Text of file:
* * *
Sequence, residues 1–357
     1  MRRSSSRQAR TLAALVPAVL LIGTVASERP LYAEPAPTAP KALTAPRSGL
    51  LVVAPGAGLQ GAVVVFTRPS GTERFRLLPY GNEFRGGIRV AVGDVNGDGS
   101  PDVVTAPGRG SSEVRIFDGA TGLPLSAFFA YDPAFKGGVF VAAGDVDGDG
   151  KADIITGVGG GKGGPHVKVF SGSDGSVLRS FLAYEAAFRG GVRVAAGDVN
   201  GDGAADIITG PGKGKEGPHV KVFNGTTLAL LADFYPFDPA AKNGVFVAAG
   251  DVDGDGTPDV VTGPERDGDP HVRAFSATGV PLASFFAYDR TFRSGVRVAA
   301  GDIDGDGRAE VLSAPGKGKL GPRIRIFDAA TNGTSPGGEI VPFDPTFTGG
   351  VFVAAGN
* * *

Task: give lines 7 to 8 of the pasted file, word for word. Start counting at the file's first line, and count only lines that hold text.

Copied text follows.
   251  DVDGDGTPDV VTGPERDGDP HVRAFSATGV PLASFFAYDR TFRSGVRVAA
   301  GDIDGDGRAE VLSAPGKGKL GPRIRIFDAA TNGTSPGGEI VPFDPTFTGG